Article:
.Teske’s Germania Makes the Big Time

A handful of restaurants should be legacy businesses

In the Victorian Room at Teske’s Germania, decades-long customers recently gathered to watch the restaurant’s appearance on Check Please! Bay Area. Staff placed two televisions on tables just for the occasion.

Catherine Baumann, who along with her husband Hans bought the restaurant from the original Teske family more than 30 years ago, was telling stories. On the day the Baumanns acquired the business, Teske served lunch, then everyone went over to the attorney’s office and signed the papers, after which the Baumanns served dinner that same night.

Full disclosure: All those involved here are friends of mine. In fact, I can’t even calculate how many student loan dollars I drank away at Teske’s in the late ‘90s. To see a legacy business finally join the list of San Jose restaurants featured on various food programs, to witness such a thing, and to see the next generation of Baumanns, the current owners, inviting everyone over for dinner just to watch, was downright inspiring. I then ordered a buffalo burger with pepperjack cheese and sat there in the Victorian Room with all the others to watch the episode on live television.

An award-winning KQED program, Check, Please! Bay Area launched nearly 20 years ago with a great concept. In each episode, three regular everyday folks—not snotty critics—recommend their favorite restaurants. Then each person anonymously visits the places recommended by the other two. When all is said and done, host Leslie Sbrocco drags all three of them on TV to share their experiences. The show is like hanging out in a restaurant and talking with your friends.

In the case of Teske’s, we can thank Daniel Osers, originally from Berlin and now an IT operations manager at Google. Longing for home, he recommended the restaurant, so the film crew showed up last year during Oktoberfest. The results hit the screen a few weeks ago. Unfortunately, before we got to see Osers explain the old world charm of Teske’s, we had to sit through obnoxious techie hipsters partying at Shuggie’s Trash Pie in the Mission—the polar opposite of Teske’s in every possible way—but I guess that’s a fair trade. To each his own.

Teske’s Germania fits all definitions of a legacy business. When modern-day craft brew dudes were still in diapers, Teske’s was serving obscure bottles of beer like Aktien St. Martin. Which is why, as I devoured my buffalo burger, I got to thinking.

In 2015, San Francisco began a Legacy Business Program for any business older than 30 years that contributes to the identity, culture and history of the city. Businesses in the program can apply for marketing assistance, grants and other support. After the landlords began gobbling up all the grants and not passing them on to the tenants, the San Francisco Chronicle then played a role in the politicians advocating for a restructure of the program. Nevertheless, it’s a fabulous idea.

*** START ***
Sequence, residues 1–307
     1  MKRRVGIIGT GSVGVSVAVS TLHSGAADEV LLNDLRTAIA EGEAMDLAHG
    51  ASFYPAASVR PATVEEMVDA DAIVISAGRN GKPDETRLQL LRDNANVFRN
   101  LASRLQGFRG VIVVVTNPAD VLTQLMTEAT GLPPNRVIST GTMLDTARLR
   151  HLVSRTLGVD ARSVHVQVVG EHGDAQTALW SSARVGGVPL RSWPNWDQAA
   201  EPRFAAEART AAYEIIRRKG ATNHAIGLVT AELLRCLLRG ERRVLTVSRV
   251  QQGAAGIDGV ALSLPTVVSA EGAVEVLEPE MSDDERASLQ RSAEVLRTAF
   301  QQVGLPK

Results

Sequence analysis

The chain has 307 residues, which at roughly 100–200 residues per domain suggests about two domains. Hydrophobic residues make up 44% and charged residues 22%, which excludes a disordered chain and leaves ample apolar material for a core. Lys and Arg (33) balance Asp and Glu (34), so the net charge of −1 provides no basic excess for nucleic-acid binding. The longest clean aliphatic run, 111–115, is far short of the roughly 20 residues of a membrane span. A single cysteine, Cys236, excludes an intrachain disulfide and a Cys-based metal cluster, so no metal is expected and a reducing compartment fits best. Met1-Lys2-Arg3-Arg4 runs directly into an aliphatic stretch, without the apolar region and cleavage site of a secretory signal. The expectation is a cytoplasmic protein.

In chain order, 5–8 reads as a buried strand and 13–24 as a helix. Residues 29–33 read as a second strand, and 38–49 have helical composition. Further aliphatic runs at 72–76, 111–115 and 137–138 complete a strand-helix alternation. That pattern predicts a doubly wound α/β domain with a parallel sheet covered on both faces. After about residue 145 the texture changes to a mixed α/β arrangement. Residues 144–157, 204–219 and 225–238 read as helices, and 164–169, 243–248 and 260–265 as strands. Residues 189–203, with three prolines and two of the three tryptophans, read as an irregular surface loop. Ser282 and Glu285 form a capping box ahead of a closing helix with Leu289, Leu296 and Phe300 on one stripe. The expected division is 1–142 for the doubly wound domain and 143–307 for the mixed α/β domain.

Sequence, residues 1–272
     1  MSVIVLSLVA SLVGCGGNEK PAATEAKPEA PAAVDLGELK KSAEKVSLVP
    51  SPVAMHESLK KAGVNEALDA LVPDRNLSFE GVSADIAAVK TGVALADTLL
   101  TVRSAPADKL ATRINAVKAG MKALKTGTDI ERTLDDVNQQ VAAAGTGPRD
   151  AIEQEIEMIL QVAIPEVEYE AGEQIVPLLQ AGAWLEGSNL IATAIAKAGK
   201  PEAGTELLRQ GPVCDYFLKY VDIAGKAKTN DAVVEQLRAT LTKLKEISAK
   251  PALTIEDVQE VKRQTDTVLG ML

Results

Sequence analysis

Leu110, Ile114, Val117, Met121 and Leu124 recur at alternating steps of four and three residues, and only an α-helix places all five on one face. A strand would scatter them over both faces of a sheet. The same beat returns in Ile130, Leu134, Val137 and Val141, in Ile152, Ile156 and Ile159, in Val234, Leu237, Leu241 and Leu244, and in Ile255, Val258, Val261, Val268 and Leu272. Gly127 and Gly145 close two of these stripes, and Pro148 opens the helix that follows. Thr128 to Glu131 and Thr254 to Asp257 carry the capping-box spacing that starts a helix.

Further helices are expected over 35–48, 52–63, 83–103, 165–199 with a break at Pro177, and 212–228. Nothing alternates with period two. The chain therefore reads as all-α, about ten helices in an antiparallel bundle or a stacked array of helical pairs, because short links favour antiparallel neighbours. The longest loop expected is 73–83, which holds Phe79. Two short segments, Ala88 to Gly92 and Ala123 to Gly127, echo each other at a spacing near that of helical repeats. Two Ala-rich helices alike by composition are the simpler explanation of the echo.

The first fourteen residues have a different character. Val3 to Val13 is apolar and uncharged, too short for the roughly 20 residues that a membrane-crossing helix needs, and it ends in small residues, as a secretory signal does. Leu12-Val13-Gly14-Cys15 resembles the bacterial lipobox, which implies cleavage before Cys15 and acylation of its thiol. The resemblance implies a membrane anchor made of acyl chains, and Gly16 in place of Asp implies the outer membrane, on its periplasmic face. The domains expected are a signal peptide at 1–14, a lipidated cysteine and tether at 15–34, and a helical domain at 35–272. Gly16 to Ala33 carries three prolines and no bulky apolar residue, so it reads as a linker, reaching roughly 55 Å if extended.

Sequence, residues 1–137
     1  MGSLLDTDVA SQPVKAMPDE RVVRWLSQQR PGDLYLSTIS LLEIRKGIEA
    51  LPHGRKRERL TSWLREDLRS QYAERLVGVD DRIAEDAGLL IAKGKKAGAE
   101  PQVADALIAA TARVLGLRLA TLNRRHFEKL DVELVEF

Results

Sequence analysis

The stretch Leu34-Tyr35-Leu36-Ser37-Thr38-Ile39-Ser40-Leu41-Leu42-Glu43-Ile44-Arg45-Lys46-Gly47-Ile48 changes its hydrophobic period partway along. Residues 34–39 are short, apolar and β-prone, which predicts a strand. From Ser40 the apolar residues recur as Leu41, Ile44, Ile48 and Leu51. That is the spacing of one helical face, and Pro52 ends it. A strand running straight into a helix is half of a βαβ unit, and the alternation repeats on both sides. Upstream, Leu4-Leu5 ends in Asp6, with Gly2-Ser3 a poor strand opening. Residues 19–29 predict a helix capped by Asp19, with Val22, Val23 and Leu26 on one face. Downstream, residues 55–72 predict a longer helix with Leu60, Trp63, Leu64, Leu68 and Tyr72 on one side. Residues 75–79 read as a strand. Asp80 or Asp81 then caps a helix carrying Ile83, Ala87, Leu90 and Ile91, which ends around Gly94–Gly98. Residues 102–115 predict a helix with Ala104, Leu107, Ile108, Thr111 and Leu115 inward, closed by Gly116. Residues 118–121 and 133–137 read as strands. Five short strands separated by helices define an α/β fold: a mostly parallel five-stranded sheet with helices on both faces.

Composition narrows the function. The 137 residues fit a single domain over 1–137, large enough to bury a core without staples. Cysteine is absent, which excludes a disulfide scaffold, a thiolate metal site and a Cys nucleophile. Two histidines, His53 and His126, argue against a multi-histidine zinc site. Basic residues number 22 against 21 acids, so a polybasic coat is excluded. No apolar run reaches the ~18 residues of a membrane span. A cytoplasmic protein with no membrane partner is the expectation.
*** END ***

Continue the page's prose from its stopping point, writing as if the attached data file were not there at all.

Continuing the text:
Following San Francisco’s lead, additional legacy business programs began cropping up in other cities including Denver, Boston, Los Angeles, Washington, DC and—drum roll please—Porterville, California. But not San Jose. At least not yet. I think it’s long overdue.

I can’t be the only one who ever thought about this. In San Jose, we can all rattle off legendary local eateries that would qualify for such a program, no matter the criteria: Original Joe’s, House of Genji, Vahl’s, maybe a few in Japantown, Willow Glen and the east side, or even original Vietnamese joints like Dalat Cafe. And that’s just restaurants. Imagine if the Caravan Lounge, operational for over 60 years, was considered a “legacy business.” All of which would improve San Jose’s character and personality, making it a better town, a more interesting place, and therefore a much easier destination for promoters and marketers to sell. Capisce?

Such were my thoughts as I sat there and watched people in a San Francisco TV studio yakking about the gargantuan pork chop and sauerkraut at Teske’s. I never thought I’d see that. 

Again, Teske’s is not the only San Jose restaurant to appear on a TV show, just the latest. The former prune capital of the world is hitting the big time, slowly but surely.

Teske’s Germania

255 N First St, San Jose

Open daily, closed Sunday and Monday


Gary Singh
Gary Singhhttps://www.garysingh.info/
Gary Singh’s byline has appeared over 1500 times, including newspaper columns, travel essays, art and music criticism, profiles, business journalism, lifestyle articles, poetry and short fiction. He is the author of The San Jose Earthquakes: A Seismic Soccer Legacy (2015, The History Press) and was recently a Steinbeck Fellow in Creative Writing at San Jose State University. An anthology of his Metro columns, Silicon Alleys, was published in 2020.


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